Putting a job candidate’s experience and skills into context can help employers find overachievers. Raphael Mokades, founder and MD of Rare Recruitment, explains the benefits of contextual screening for people from disadvantaged backgrounds.
With skills shortages a cause of concern for employers, finding the right candidate has never been more important.
But the recruitment process can be daunting for those from disadvantaged backgrounds. Employers might overlook their talents, without seeing what they overcame to gain skills or achieve qualifications.
Since 2005, Rare Recruitment has attempted to help place those from disadvantaged backgrounds into suitable roles, using a large volume of data to transform diversity in graduate recruitment from ambition to reality.
Rare’s Contextual Recruitment System (CRS) gives potential employers an understanding of candidates’ real potential, matching academic achievement against social background and other non-traditional metrics.
Operating on the principle that three As at A-level for a candidate from Eton tells recruiters less about an individual’s potential and resilience than three As for a candidate from an inner-city comprehensive school in special measures, Rare provides a contextual report on individual candidates for some of the City’s biggest – and smartest – graduate recruiters.
The result is life-changing for candidates: high achievers from disadvantaged backgrounds are 19% less likely than their more privileged peers to apply to top firms but, with the CRS, their chances of success on application increase by 50%.
For instance, Sengova Kailonda, who as an 11-year-old arrived in the UK from war-torn Sierra Leone and attended an inner-city school in special measures, is now an asset finance lawyer at Hogan Lovells.
“Rare’s Articles programme gave me one-on-one access to senior lawyers but, crucially, aimed to make me a better candidate rather than make the process easier for me as a black person from a disadvantaged background. It prepared me for a career, not just an interview,” says Kailonda.
Another candidate, Ailsa Harris, has regained her confidence after she was told at university that she was intimidating. “I wasn’t – I was just black and six feet tall – but that caught in my subconscious and I struggled to be assertive.”
Now, she is head of apprenticeship quality, standards and assessment at the Department for Education.
“Rare taught me to use my physical presence, not to be intimidating but to be heard. Rare gave me the confidence and belief I needed to be myself in the assessment centre, which in turn got me into the Civil Service Fast Stream and a flourishing career,” she adds.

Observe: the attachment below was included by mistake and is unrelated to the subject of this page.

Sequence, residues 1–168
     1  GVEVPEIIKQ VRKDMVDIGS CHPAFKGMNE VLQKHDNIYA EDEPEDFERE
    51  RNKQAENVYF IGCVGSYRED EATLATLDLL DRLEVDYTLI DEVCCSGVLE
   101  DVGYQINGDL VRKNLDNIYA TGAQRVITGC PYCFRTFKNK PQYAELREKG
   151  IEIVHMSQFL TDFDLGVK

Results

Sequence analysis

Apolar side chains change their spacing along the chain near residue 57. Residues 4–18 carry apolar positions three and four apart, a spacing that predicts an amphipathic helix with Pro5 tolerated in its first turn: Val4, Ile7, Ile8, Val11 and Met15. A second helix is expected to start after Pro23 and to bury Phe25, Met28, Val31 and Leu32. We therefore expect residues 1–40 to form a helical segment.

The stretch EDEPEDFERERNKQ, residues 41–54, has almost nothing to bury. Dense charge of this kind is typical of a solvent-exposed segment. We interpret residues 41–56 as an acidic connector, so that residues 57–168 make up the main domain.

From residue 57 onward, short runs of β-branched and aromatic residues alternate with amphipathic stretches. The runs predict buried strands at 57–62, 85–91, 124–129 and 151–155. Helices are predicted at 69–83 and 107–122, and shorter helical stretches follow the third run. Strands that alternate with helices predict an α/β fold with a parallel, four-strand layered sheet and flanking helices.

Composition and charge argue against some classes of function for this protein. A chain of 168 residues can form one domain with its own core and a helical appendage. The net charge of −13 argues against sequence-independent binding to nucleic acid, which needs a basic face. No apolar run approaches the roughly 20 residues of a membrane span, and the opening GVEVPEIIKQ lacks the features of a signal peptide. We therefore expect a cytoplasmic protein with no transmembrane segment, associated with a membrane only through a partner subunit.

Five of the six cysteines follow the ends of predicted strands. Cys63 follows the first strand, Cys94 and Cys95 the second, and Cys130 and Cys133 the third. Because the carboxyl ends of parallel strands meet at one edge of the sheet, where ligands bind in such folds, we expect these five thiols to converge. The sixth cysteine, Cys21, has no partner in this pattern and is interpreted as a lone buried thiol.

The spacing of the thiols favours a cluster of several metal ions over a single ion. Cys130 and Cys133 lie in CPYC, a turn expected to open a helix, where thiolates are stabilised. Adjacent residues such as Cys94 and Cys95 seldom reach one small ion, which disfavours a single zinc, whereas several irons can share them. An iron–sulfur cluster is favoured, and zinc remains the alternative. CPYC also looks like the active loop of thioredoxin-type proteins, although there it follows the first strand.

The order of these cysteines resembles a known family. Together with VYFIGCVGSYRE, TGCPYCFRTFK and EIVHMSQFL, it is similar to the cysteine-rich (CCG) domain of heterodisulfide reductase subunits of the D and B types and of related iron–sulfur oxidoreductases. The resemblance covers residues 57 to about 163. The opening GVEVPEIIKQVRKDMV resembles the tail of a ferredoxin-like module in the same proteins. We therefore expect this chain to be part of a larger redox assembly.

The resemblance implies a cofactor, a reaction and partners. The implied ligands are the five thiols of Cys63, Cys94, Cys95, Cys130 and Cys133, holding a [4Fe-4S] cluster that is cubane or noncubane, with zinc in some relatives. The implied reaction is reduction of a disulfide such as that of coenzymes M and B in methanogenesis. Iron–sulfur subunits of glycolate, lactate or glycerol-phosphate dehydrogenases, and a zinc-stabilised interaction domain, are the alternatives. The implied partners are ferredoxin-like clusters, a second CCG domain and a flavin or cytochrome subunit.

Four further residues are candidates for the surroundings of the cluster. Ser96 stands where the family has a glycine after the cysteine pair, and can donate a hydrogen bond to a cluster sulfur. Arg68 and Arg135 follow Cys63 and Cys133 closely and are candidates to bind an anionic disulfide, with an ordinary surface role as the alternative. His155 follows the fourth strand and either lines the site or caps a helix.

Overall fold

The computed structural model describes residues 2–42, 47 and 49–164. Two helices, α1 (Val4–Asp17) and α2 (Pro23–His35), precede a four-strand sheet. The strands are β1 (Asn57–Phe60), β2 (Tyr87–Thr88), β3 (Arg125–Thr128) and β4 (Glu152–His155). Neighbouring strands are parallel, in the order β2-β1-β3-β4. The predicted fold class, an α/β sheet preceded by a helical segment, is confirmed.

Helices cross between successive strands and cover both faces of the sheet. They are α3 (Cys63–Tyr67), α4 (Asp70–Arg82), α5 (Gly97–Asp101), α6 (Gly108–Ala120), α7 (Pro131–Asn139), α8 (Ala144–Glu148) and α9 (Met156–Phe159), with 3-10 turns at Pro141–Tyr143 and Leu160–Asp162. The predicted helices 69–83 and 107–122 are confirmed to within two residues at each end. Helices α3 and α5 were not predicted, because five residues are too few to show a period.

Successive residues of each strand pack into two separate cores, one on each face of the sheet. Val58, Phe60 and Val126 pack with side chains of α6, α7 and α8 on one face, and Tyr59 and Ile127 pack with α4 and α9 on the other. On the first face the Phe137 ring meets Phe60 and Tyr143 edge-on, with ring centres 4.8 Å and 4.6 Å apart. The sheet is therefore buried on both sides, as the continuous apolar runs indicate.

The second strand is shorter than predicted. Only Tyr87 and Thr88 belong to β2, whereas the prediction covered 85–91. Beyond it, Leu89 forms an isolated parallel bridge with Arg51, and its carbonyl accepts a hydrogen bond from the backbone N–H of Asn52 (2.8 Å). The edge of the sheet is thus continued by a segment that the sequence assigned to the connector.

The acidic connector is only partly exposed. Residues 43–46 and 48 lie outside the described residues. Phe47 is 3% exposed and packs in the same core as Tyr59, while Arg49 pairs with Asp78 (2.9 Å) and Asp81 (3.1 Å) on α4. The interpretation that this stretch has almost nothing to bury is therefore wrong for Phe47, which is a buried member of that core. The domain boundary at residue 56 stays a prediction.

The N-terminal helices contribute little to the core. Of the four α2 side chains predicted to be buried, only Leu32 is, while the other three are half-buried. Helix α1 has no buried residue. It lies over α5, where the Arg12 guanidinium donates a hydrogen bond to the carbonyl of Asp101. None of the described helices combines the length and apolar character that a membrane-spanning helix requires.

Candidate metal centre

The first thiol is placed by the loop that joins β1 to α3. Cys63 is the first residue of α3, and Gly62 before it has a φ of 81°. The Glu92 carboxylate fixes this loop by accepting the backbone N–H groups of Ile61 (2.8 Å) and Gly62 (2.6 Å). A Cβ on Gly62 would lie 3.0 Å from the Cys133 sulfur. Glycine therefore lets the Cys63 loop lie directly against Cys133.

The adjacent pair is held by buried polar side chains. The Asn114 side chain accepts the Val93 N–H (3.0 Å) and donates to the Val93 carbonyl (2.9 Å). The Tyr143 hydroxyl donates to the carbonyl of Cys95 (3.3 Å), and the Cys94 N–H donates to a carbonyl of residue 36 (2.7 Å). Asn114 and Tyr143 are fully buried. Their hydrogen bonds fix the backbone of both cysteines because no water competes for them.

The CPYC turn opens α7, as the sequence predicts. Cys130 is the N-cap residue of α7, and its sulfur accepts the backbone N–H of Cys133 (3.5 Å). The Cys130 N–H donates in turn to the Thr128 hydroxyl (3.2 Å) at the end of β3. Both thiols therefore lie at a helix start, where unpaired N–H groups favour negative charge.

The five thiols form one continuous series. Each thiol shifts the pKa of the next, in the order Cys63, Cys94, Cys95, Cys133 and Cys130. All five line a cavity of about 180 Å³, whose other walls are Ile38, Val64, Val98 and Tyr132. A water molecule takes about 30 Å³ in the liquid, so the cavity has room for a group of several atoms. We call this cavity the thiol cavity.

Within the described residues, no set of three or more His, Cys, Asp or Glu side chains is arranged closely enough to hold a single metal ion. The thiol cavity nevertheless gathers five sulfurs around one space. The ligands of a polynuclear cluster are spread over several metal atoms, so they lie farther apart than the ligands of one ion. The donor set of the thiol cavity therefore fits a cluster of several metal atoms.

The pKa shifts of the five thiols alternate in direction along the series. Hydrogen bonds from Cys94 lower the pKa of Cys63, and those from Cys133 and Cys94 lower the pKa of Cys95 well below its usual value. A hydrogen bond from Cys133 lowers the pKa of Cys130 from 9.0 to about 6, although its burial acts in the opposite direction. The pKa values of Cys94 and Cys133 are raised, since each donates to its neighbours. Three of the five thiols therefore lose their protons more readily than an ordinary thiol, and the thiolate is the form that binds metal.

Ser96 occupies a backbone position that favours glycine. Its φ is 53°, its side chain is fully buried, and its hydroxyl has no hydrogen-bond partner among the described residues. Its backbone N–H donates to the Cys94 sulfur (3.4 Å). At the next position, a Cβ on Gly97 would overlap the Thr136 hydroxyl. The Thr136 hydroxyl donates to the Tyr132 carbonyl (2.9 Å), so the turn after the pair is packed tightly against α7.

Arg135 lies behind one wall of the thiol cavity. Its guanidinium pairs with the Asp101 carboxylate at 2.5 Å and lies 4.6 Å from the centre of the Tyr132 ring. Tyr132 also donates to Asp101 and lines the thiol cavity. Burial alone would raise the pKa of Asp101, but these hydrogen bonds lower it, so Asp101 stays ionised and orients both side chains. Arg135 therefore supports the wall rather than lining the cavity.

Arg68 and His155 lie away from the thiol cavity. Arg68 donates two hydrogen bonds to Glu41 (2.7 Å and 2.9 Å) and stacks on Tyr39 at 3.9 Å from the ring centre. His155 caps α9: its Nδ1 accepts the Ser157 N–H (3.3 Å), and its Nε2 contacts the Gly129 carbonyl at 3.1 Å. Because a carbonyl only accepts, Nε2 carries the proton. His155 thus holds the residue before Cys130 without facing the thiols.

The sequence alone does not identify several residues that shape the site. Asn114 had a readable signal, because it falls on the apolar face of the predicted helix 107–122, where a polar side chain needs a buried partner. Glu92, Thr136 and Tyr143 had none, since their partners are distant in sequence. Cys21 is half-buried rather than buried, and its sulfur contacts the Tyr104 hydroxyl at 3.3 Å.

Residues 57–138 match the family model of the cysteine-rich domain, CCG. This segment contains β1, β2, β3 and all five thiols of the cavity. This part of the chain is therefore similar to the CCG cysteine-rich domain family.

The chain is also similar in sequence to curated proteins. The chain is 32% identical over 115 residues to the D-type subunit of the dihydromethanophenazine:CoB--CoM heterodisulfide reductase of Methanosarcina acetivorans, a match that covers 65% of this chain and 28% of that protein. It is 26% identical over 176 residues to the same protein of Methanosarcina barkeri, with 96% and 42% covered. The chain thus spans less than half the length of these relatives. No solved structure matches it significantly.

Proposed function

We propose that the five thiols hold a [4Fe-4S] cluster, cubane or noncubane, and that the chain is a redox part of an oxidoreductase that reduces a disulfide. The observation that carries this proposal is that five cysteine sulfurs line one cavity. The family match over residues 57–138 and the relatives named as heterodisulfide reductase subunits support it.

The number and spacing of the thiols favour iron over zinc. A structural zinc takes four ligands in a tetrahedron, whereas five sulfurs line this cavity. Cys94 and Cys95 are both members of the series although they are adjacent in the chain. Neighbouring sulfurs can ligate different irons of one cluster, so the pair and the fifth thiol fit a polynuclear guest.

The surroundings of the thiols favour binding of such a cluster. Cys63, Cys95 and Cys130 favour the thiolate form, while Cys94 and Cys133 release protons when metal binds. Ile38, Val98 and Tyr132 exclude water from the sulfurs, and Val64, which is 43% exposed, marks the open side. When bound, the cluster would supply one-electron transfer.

The advantages of contextual screening are not limited to candidates. Our clients devote huge resources to their graduate schemes and the CRS gives them the confidence that they are hiring the most motivated and resilient people.
Rare works with most of the big City law firms, including every magic circle firm, as well as banks and other major graduate recruiters. We also work with a national supermarket chain and one of the country’s largest utilities companies.
Jacob Rosenzweig, partner and MD at Boston Consulting Group, is thrilled with the results of the firm’s partnership with Rare. It has now more than doubled the number of black graduates it recruits.
“Our work together over the past four years has seen us recruit some fantastic candidates from a wide pool of talent, which we could not have achieved without Rare’s support,” he says.
As the people we placed at the beginning of our history mature in their careers, we see the truth of our proposition demonstrated again and again. We have now been tracking candidates for 13 years and the employment arc of our earliest placements – who are now approaching the mid-career point – shows men and women from less privileged backgrounds forging ahead and demonstrating their value to employers.
Clients are so persuaded of the CRS’s ability to source the best candidates that one – a former partner at Slaughter and May – joined our board. Our mission is not just to open access to rewarding careers for people who have surmounted a challenging start in life, but to make their talents and drive accessible to the employers who need them.
Contextual screening has been a great success, but there is more for us to do. A related area is unconscious bias – a neurological reaction to the unfamiliar.
Our mission is not just to open access to rewarding careers for people who have surmounted a challenging start in life, but to make their talents and drive accessible to the employers who need them.”
Research suggests that some parts of the brain register increased activity when people are confronted by people from different backgrounds: the pre-frontal cortex shows increased activity when an individual listens to unfamiliar patterns of speech, for example, while another region of the brain – the fusiform face area – is activated by people who look like us.
We believe that these natural reactions have an impact on recruitment, especially when interviewers conclude that someone “isn’t the right fit”, or make other assumptions about how people seem, rather than how they are.
To combat this, we have a new training product in development, Hemisphere, which involves playing hiring managers a series of videos and voice recordings designed to make them more aware of unconscious bias, and to help them overcome it when they are interviewing. It’s in the testing phase but we are certain that our work to help both candidates and recruiters is about to take an exciting new direction.